Identify your population

Before you start your intervention, you should develop a good idea of both the setting(s) and population(s) that your intervention will be working with.  Settings are where the intervention is going to take place (clinics, schools, hospitals, etc.) while populations are the specific types of providers that the intervention is targeting.  It is important to develop intervention messages and materials that are appropriate for both the settings and populations that you are dealing with. 

Some settings where provider education can be implemented include:

  • doctor’s offices
  • hospitals
  • health departments
  • worksite clinics
  • school-based clinics
  • pharmacies
  • communities (e.g., mobile clinics)
  • faith-based settings (e.g., health ministry, parish nurses)

For more information on settings for physical activity interventions, go to Physical Activity in Different Settings.

As you start to consider your provider education intervention it is important to decide to whom you want them to provide information and counseling.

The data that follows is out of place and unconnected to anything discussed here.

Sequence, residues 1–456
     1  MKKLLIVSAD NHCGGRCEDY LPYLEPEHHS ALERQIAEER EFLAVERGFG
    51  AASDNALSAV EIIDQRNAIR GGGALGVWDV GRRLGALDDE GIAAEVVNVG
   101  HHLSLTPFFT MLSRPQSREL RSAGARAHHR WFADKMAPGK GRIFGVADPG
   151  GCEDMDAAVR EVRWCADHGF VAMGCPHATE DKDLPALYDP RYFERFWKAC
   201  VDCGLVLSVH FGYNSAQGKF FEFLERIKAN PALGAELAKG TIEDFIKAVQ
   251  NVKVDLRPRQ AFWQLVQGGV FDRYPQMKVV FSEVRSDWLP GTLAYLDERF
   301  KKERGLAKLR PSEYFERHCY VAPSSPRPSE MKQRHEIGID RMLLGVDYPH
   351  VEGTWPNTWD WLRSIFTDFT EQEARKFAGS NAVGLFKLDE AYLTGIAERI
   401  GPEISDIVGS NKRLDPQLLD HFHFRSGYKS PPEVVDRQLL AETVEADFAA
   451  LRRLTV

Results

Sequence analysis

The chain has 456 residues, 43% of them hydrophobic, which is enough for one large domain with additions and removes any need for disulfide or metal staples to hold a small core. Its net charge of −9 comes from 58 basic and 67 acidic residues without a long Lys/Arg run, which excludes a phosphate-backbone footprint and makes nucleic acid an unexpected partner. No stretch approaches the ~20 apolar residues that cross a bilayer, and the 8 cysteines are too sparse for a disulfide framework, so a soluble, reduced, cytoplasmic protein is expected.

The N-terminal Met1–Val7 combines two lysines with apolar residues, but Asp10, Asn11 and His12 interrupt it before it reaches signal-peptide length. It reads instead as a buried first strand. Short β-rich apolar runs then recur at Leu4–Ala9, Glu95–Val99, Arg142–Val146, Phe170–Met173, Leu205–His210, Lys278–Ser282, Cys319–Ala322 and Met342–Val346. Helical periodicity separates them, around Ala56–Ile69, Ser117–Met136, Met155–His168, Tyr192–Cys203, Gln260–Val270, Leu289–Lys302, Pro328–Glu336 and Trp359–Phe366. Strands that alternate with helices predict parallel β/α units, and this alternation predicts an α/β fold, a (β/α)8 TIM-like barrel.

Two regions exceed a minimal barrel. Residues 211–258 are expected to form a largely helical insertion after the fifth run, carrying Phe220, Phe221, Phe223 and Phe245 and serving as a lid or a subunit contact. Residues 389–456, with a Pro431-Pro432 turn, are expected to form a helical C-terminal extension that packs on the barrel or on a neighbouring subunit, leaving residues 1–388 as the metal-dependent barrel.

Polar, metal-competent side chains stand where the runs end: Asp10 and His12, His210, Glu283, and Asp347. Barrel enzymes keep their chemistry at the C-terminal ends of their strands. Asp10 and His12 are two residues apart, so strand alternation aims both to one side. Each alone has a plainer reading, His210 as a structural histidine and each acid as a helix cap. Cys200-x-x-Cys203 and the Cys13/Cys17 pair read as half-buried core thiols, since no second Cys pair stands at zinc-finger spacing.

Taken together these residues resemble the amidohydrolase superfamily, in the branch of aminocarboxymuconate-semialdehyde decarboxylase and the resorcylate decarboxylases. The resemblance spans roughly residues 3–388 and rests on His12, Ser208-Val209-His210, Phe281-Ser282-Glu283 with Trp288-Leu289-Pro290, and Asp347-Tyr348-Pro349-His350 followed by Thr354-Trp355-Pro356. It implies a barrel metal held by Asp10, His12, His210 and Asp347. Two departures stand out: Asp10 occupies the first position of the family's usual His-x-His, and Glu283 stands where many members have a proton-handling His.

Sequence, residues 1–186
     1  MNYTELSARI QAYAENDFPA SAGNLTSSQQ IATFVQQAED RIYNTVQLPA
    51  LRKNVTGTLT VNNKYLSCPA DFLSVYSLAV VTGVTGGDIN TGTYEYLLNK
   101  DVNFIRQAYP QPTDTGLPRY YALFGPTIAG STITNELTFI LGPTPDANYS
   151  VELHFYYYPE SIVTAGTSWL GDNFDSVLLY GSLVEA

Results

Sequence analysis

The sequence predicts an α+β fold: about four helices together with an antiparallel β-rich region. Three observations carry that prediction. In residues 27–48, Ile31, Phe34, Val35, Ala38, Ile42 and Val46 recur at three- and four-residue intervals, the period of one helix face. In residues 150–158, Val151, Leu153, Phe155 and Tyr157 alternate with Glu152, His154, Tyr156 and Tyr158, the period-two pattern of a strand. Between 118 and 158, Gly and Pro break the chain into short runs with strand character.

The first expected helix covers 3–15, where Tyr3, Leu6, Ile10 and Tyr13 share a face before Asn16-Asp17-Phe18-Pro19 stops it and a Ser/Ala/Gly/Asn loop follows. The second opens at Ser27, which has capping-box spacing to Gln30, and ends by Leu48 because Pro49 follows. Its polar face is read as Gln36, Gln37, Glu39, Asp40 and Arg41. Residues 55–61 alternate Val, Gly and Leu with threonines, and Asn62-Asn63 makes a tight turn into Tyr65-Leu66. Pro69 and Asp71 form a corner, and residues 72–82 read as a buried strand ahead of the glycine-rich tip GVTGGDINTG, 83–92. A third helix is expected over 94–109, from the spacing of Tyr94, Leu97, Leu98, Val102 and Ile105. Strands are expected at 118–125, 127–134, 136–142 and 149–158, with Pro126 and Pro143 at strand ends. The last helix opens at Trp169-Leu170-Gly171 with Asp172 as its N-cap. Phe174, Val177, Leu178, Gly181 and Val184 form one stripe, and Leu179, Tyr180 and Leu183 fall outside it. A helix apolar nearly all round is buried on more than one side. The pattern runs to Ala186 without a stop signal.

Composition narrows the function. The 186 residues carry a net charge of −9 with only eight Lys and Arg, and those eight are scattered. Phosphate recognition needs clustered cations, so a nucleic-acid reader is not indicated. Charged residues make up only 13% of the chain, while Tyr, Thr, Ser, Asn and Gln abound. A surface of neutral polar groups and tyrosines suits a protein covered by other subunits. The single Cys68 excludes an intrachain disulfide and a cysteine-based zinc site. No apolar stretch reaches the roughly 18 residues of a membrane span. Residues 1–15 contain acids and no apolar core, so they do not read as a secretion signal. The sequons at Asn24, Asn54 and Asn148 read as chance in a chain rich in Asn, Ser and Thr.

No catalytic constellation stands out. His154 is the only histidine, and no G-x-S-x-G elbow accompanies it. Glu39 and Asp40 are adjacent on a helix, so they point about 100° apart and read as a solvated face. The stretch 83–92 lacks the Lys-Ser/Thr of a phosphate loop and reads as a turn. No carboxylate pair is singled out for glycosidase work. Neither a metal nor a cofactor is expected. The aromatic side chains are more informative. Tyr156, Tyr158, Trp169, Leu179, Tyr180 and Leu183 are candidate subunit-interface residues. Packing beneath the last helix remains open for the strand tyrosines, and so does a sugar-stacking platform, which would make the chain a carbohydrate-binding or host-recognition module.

• Do you want them to focus on those at risk of, or already with, various conditions related to physical inactivity?
  • Do you want them to focus on pregnant women?
  • Are there subgroups within this population?
  • What are the geographic boundaries?
  • What are the shared social and cultural characteristics of this community?

Provider education can also focus on a variety of health care providers including:

  • doctors
  • nurses
  • mental health care providers (psychiatrists, psychologists, etc.)
  • pharmacists
  • physician assistants

Remember that there are often differences among providers in terms of age, gender, race, ethnicity, nationality, religion, etc. Tailoring intervention messages to fit each of these subgroups will improve the likelihood of success for your intervention.  For more information, see Physical Activity in Different Populations.

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